Jacob Zuma’s promise in December of widespread fee-free university education will consume R57 billion of the R85 billion Treasury had managed to cut from the medium-term budgets of all departments.
This year fee-free university education will cost an estimated R12.4 billion.
This rises to R20.3 billion next year and R24.3 billion the year after that. Future decisions on historic student debt, changes to the income threshold defining “working class” students and other interventions could still “raise the cost of the programme significantly”, warns the budget review released on Wednesday.
The combined concessions made so far will effectively double the state’s expenditure on universities between 2017 and 2021 – from R41 billion to R80 billion.
The rate at which enrolments at universities are expected to increase is a dismal 0.02% a year.
At this rate universities will have little over 1.3 million students in 2030 against a pre-existing target of 1.6 million at the end of the period covered by the National Development Plan.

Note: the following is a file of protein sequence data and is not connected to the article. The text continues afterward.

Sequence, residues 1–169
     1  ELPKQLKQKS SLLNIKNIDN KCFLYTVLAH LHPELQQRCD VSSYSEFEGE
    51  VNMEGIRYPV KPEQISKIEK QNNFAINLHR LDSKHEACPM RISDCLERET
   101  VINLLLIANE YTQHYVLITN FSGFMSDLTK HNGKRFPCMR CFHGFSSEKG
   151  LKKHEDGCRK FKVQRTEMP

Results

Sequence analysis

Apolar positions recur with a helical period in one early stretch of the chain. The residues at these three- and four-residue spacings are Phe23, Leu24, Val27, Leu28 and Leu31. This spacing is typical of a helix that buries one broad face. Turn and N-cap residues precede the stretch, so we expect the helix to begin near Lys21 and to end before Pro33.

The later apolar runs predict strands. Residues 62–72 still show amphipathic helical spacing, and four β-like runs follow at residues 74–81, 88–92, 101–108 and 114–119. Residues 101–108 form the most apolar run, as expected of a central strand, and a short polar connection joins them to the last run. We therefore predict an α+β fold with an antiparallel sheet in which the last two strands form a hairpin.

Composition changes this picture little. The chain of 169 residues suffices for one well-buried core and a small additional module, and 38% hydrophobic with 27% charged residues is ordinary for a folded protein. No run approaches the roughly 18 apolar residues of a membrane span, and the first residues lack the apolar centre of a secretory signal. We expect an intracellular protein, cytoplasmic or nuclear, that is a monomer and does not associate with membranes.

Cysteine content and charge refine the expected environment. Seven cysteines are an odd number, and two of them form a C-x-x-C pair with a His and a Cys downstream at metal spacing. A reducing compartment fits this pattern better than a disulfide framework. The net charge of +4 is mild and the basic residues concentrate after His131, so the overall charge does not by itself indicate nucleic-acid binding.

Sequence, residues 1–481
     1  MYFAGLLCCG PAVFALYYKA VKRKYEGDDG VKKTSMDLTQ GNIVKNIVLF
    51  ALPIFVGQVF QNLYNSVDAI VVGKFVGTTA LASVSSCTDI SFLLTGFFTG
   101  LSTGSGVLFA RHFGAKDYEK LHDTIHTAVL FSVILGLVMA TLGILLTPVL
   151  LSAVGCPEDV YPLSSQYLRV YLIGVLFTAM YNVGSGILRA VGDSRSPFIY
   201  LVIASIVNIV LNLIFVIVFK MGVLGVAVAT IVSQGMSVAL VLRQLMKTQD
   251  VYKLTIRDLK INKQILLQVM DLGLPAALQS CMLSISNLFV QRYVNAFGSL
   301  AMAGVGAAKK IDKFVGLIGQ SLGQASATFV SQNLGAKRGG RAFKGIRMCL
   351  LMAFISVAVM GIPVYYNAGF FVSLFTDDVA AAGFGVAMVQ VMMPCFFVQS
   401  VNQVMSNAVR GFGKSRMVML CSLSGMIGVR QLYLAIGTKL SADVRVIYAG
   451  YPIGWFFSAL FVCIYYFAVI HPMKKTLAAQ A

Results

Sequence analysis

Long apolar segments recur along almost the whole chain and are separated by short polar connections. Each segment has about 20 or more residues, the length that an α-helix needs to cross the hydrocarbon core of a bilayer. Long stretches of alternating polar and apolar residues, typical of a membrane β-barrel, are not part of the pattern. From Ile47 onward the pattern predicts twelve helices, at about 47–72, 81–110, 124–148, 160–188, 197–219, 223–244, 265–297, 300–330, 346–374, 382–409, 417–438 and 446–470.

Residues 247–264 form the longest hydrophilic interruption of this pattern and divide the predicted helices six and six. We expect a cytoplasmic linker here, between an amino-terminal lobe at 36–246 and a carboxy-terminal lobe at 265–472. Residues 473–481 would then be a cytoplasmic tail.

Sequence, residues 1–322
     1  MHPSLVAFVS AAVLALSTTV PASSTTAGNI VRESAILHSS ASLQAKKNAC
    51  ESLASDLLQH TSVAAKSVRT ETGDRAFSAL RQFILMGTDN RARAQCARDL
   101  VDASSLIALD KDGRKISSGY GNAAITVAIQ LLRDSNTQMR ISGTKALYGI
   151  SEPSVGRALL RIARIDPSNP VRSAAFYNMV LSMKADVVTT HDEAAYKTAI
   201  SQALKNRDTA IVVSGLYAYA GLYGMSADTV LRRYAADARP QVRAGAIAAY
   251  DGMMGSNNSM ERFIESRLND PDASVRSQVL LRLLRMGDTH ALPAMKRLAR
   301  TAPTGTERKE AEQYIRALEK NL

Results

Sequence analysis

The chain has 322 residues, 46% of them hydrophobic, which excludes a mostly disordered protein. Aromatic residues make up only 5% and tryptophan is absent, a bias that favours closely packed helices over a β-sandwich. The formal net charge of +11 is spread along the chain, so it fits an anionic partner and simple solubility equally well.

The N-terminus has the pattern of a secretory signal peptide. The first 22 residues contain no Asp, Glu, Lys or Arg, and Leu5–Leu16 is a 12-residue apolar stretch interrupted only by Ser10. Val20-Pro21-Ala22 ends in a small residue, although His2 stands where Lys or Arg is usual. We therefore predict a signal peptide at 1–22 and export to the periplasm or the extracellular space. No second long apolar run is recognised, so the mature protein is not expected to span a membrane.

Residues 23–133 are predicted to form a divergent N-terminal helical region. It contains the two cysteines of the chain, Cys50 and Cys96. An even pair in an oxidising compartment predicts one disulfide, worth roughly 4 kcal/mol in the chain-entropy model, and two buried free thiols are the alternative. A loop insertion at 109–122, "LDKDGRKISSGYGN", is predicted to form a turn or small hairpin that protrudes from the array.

At the same time, the seemingly indefinite freeze of the technical and vocational college (TVET) system is set to continue.
The new budget forecasts TVET enrolments to remain unchanged at 710 535 up to 2021.
This is in stark contrast to the plan before the Fees Must Fall movement where the plan was to have the TVET system massively expand and eclipse the university system as the mainstay of “post-school” education.
The colleges are nonetheless getting funding increases meant to improve infrastructure and give its student body more fee subsidies even while enrolment stagnates.
The Budget vote for higher education allocates most of this to the national Student Financial Aid Scheme (NSFAS), which is the vehicle through which students from working class households will get their fee-free education.
NSFAS funding was R10.1 billion this past year but will double to R20.3 billion in the coming year – and then spike up to R30.8 billion in the 2019/2020 financial year and R35 billion the year after that.
These increases reflect the first cohort of first year students getting fee-free education this year and then their progress into second year while new subsidised first years enter the system. NSFAS represents the bulk of the R57 billion price tag with the rest made up of larger subsidies to universities to keep on freezing fees at 2015 levels for large parts of the student body.